Financing & Financial Incentives
This interesting research paper produced from the Milwaukee-based Public Policy Forum comments on the change in child care from a welfare to work program to a school readiness initiative within states. May state leaders, policy makers and advocates will recognize a parallel story within their states as this Wisconsin piece reflects on the history, unintended consequences and provides conclusions and questions for consideration.
CLASP’s guide aims to help states look beyond the major sources of child care and early education funding and consider alternative federal financing sources to bring comprehensive services into early childhood settings.
Often states reference “parental choice” and “OCC requirements” as to why they cannot limit use of child care subsidy for children in higher star levels in a QRIS. As can be seen from this Policy Interpretation Question issued by the Office of Child Care in 2011, they have clarified that the CCDF parental choice requirements do NOT prevent a state from establishing quality requirements for recipients of child care subsidy, in
Policies and Practices that Promote Continuity of Child Care Services and Enhance Subsidy Systems: Office of Child Care Policy Memo
This policy information memo from the Office of Child Care provides guidance and state examples of polices to promote continuity of eligibility for child care subsidy in support of continuity for children and families. Continuity of subsidy is also important to the financial sustainability of providers. It is one way that states can begin to think about how their policies can strengthen provider capacity to effectively work the "Iron Triangle".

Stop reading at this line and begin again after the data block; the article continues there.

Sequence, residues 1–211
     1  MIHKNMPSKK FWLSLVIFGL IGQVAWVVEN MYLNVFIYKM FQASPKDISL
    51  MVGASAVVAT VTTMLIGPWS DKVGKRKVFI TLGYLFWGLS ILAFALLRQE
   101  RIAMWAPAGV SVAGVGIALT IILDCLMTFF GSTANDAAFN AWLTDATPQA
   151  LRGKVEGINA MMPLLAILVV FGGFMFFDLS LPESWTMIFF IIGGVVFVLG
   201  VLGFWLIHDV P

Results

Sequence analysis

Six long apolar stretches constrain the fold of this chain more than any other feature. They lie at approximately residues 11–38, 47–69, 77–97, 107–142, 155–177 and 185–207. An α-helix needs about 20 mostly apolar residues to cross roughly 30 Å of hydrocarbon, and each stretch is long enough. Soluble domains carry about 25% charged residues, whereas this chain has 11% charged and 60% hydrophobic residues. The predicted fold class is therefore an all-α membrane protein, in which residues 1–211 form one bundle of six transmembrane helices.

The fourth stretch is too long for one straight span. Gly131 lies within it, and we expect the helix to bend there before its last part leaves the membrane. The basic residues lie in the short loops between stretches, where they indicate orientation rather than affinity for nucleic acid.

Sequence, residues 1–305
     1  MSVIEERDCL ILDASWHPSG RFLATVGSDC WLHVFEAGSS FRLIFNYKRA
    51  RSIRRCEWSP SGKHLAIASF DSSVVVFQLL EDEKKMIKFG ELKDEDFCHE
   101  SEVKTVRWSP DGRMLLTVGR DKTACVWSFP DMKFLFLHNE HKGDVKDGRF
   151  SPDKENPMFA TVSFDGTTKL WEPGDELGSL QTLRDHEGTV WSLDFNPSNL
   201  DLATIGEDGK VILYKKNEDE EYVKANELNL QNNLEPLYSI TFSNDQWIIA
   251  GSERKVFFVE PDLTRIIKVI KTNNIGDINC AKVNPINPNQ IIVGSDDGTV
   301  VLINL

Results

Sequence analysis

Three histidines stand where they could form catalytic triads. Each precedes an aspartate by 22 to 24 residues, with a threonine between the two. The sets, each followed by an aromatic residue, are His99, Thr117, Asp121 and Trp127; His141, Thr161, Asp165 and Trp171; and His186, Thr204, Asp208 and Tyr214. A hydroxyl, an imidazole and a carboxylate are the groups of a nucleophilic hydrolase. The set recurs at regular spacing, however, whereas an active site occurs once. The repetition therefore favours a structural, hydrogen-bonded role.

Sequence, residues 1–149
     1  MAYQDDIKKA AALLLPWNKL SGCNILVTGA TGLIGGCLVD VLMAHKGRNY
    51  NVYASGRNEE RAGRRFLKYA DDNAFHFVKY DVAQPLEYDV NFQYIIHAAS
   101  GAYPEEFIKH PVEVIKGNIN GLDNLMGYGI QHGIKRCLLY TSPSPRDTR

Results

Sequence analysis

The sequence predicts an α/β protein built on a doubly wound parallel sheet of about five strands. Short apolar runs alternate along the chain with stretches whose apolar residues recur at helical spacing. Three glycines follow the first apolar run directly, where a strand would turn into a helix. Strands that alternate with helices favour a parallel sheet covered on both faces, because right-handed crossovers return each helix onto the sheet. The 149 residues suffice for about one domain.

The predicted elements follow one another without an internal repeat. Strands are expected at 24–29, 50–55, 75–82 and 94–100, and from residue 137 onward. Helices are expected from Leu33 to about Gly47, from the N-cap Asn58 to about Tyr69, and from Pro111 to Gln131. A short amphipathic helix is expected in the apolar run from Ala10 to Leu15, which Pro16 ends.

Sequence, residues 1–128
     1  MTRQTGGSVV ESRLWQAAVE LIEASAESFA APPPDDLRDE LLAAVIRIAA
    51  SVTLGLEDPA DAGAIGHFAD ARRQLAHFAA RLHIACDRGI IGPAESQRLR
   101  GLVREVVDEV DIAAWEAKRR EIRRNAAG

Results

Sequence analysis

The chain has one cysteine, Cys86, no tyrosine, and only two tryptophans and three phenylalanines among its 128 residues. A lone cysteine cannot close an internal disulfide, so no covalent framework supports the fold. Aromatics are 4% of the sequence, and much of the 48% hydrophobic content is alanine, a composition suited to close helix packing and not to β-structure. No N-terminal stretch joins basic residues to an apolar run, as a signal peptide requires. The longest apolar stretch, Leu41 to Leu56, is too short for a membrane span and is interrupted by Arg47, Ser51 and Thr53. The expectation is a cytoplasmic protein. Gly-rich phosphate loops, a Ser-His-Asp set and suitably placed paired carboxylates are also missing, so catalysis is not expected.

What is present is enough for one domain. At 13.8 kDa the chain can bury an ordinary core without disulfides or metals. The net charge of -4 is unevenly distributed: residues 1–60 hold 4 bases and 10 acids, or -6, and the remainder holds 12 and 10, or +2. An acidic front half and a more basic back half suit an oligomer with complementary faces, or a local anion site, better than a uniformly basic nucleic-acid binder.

Anne Mitchell, co-founder of the Alliance for Early Childhood Finance, has created an Excel workbook called “GenericCostModel-Center2012”. This memo provides information on the workbook, which is a cost modeling tool for a center-based ECE program.
Anne Mitchell, co-founder of the Alliance for Early Childhood Finance, has created an Excel workbook called “GenericCostModel-Center2012”. This workbook is a cost modeling tool for a center-based ECE program.
In April 2012, Louise Stoney, co-founder of the Alliance for Early Childhood Finance, served as a guest blogger for Sara Mead’s “Policy Notebook” blog that appears in Education Week.
This brief powerpoint presentation created by Louise Stoney, co-founder of the Alliance for Early Childhood Finance, provides illustrations for aligning finance with standards in a quality rating and improvement system.
This brief provides updated information on financial incentive strategies used by states under their quality rating and improvement systems and the impact of those strategies.
Unlocking the Potential of QRIS: Trends and Opportunities in the Race to the Top-Early Learning Challenge Applications
Written by noted consultant Louise Stoney, this brief explores the ideas and trends related to QRIS that state leaders included in their Race to the Top/Early Learning Challenge applications. It is designed to provide not only useful background information for state policymakers, funders, and nonprofit leaders, but also to stimulate discussion within the field about opportunities to advance high-quality